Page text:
My View, the Client’s or Both?
There are more than two viewpoints when selling life insurance; the agent's, the client's and both. The example given shows how the two viewpoints can be blended into one with our compromising the recommendation.
My View, the Client’s or Both? By Frank C. Bearden, Ph.D., CLU, ChFC
The ethical point is not to compromise the recommendation but to recognize the value of your client’s position, as well.
In the 43 years that I have been involved in selling life insurance, I have repeatedly been faced with a dilemma that I thought had two points of view: mine and the client’s. Developing client proposals usually resulted in dealing with these two views. However, I slowly learned there weren’t two points of view, but three: my view, the client’s view and both. Let me explain and provide an example, as there is an ethical point involved.
Proposals for additional life insurance invariably generate some resistance from the person receiving the proposal. Maybe the individual is not comfortable about thinking of his mortality, maybe the concern is more about affordability, or there may be other factors involved. The financial advisor, in trying to think for the benefit of the client, is concerned about providing financial relief for the myriad problems the death of the client can bring. This tends to be not so much an impasse as a spirited discussion with initially different points of view. What is the ethical thing to do in these times? Let’s consider an example that is a composite of many situations shared with me by advisors over time.
A case in point: John and Alice are an early middle-aged couple with three active children. John and Alice have good positions with two technology firms, and both have gone through downsizings and the search for new positions. Mary is their financial advisor. She attempted to make the point in the last annual review that John and Alice should increase their personal life insurance, as they have many years of family responsibility ahead, with college expenses on the horizon. She performed a needs analysis for John and Alice to quantify the concern she expressed. Then she prepared appropriate life insurance recommendations. These can be taken as Mary’s point of view in the recommendation discussion.
As intelligent and responsible people, John and Alice were attentive to the recommendation until they considered the premium expense. The premiums were affordable but seemed like a large expense just as they were planning for a family vacation and filing their income taxes. So they told Mary they wanted to wait until these two hurdles were over and then they would reconsider the recommendations. Mary stressed the importance of resolving the issue before the trip, due to the severity of the consequences of an unexpected death. Nonetheless, they persisted, and this can be taken as the client’s point of view.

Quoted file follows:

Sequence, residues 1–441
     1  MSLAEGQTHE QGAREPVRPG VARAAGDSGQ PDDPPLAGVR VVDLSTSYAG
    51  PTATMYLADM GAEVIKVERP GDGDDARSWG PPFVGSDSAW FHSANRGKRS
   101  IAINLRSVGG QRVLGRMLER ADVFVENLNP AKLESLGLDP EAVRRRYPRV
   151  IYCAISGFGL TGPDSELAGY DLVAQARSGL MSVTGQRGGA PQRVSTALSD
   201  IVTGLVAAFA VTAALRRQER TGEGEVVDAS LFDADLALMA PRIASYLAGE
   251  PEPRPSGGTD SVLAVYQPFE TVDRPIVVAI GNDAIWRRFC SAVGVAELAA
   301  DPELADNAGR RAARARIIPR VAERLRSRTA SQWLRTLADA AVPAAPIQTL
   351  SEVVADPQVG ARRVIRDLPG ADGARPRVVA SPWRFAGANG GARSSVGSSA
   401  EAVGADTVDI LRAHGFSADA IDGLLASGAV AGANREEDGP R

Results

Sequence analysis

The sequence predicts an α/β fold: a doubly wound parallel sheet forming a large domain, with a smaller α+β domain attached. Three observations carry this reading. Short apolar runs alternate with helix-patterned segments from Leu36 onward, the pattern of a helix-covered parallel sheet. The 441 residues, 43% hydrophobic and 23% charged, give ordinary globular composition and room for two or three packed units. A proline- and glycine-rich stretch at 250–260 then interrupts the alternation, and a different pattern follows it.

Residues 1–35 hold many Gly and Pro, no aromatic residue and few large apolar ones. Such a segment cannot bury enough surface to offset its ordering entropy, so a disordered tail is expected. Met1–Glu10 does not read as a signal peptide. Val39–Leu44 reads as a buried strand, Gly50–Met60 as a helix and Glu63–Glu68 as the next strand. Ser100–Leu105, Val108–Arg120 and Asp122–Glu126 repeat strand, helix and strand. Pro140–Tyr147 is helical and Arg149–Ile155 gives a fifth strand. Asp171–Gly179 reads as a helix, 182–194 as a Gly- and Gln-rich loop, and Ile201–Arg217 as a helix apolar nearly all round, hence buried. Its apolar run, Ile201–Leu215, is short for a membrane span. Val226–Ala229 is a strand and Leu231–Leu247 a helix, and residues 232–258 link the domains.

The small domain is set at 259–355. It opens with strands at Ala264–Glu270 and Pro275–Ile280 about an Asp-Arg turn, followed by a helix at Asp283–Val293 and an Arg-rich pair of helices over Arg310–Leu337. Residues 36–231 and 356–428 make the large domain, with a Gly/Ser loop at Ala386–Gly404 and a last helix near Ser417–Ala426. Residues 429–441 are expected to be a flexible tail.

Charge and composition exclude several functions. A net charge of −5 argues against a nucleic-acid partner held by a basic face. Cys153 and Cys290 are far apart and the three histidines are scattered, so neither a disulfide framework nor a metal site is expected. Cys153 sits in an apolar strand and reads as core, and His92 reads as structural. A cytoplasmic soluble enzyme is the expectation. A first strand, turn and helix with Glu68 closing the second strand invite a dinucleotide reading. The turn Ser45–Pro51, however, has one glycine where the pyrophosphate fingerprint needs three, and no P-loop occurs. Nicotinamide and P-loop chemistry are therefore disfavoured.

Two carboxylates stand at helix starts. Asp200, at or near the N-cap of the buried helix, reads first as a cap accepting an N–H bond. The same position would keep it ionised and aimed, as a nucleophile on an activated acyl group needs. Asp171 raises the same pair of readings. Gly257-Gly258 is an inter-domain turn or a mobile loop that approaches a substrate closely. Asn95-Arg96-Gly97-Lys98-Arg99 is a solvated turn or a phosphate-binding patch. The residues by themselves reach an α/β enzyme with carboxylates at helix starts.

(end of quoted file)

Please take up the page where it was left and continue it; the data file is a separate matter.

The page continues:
This story ends not in the way we would want it to, but with John and Alice filing their taxes and going on an enjoyable family vacation. When they returned, Mary called for an appointment to review the insurance proposals, and her clients were somewhat receptive. John and Alice agreed to apply for level term insurance rather than the whole life and term proposals originally presented.
Mary was somewhat disappointed, as she thought both clients had an important opportunity with the whole life policies due to their excellent health history that could change. Nonetheless, term insurance it was, and the amounts of coverage recommended by Mary were accepted, applied for and issued. This can be taken as the combination of both points of view.
To explain more about the client’s view, John and Mary were about to pay off a large income tax obligation to the IRS, and they had avoided any vacation during the past five years to pay on the obligation. They were embarrassed by the tax obligation and did not mention it or the importance of this investigation. This does not necessarily justify their decisions, but it does explain them.
The life insurance that can do its work is that which is in force. A successful placement of life insurance is usually the result of the advisor and the client getting to the third viewpoint, which acknowledges the value of the advisor’s recommendation as well as the client’s position to arrive at a kind of blended viewpoint involving both. The ethical point for a financial advisor is not to compromise the recommendation, but to seek to recognize the value of the client’s position as well, with the active possibility of untold elements, so that a remedy that will provide the needed protection can be found.
Frank C. Bearden, Ph.D., CLU, ChFC, is managing member at Ethics Consulting. Contact him at email@example.com or at 210-724-1958.
This article appeared in Advisor Today.